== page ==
Organization of the Month | February 2017

Introduction to the RSTP

The Refugee Sponsorship Training Program (RSTP) supports groups interested in the Private Sponsorship of Refugees (PSR) Program, through which Canadian citizens and Permanent Residents can engage in the resettlement of refugees.

RSTP works with many different types of sponsoring groups: Sponsorship Agreement Holders (SAHs) and their Constituent Groups (CGs), Groups of Five, and Community Sponsors across Canada (excluding Quebec).

The increase in interest in the PSR program and involvement from the public in the resettlement of Syrian refugees that Canada has witnessed since September 2015 dramatically increased demand for RSTP services. With additional funding support, RSTP has been able to expand its staff and programs to assist sponsors across the country. For the first time, RSTP placed Trainers in Vancouver and Halifax to provide more intensive regional support.

What do we do?

RSTP addresses information and ongoing training needs of private sponsorship groups (PSGs), and the initial information needs of sponsored refugees.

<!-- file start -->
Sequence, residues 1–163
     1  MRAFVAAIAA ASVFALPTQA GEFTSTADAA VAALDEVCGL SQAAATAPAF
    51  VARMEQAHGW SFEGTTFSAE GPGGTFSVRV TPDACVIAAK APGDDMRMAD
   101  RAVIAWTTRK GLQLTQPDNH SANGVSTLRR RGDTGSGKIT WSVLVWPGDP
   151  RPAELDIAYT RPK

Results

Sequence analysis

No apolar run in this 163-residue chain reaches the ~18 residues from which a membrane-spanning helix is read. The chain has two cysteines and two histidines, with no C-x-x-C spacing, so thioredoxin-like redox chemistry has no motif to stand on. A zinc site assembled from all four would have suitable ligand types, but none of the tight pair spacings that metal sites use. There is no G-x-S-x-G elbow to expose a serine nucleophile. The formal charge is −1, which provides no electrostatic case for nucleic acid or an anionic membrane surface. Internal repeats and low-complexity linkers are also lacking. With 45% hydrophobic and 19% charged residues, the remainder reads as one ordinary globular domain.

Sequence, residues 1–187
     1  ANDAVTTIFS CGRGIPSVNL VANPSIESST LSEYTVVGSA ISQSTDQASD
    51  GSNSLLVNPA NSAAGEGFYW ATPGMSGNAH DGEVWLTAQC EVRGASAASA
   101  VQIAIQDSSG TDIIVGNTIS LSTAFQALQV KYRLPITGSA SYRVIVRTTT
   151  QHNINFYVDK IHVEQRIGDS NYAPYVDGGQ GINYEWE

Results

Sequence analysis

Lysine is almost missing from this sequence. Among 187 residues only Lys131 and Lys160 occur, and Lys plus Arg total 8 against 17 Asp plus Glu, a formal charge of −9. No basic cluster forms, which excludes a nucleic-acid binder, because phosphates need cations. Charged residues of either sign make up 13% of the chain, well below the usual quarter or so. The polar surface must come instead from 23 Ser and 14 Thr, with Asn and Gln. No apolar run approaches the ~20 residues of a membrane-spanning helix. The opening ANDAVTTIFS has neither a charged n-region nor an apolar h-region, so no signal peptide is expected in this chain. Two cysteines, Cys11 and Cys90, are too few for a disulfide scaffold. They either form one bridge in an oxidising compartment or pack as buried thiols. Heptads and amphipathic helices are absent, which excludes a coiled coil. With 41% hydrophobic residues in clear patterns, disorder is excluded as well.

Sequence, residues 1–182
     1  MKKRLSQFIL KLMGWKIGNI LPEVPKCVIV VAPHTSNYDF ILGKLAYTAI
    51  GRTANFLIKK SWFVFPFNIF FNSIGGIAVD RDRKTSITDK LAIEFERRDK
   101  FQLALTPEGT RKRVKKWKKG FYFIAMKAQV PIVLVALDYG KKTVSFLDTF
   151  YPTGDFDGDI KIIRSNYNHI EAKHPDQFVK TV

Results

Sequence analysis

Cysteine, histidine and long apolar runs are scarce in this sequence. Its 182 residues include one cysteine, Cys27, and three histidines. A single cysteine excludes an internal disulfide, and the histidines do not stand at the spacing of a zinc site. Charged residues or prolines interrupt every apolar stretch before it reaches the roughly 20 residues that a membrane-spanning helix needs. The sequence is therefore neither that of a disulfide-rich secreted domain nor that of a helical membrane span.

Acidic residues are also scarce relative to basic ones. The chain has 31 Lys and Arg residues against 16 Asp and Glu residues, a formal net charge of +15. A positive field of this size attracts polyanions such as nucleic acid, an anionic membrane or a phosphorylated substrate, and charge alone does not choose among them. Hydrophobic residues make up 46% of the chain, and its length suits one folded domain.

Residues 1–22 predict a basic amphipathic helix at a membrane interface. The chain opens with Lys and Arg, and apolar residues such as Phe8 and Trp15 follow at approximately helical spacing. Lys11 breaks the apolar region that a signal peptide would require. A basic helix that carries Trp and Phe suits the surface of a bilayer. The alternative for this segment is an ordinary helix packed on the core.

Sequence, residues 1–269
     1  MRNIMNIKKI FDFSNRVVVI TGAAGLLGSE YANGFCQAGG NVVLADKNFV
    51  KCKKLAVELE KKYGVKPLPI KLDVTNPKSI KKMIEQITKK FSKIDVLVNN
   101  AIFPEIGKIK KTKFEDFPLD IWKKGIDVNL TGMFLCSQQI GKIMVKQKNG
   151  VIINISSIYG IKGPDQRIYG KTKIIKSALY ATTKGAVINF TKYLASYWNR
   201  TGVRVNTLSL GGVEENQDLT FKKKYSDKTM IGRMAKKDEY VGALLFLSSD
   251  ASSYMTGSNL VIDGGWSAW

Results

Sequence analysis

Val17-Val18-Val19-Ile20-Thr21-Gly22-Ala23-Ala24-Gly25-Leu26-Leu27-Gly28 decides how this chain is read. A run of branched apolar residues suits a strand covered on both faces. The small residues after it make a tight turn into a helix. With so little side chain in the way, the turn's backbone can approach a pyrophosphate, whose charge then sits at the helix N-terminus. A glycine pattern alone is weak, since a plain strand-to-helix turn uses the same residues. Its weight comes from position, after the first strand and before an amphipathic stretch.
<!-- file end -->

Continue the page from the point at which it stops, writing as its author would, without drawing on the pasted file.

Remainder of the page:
RSTP provides training to sponsorship groups via:

  • Webinar presentations
  • Workshops
  • Information sessions
  • Training manuals and guides
  • Online-based training courses

RSTP keeps sponsors informed about policy updates via:

  • Information sessions
  • E-mail distribution lists
  • the RSTP Website (rstp.ca)

RSTP assists sponsors with their case-specific questions by:

RSTP in Western Canada

The RSTP Trainer in Vancouver, BC works closely with PSGs in Alberta and British Columbia. RSTP’s activities in Western Canada include:

Workshops and Training Sessions

RSTP offers trainings and workshops to ensure that PSGs understand the requirements of the program and the level of commitment needed, assist them with preparing application packages and guide them through the sponsorship process. RSTP emphasizes post-arrival issues that private sponsors may encounter and make sure that they receive the necessary assistance with providing settlement support to sponsored refugees.

Support with case-specific inquiries

RSTP responds to e-mail and telephone inquiries from sponsorship groups in Alberta and BC requesting: assistance with completing application forms, clarification of eligibility requirements, obtaining application updates, and seeking support with finding necessary settlement resources.

Updates and Information Sharing

RSTP keeps abreast of policy developments and changes, including provincial initiatives in BC and AB, and informs sponsorship groups via an e-mail distribution list.

Networking and Outreach

RSTP takes part in community events, networking meetings, roundtable discussions, and other events that focus on refugee protection and resettlement issues.

When and how can I contact RSTP?

Please do not hesitate to contact RSTP if you: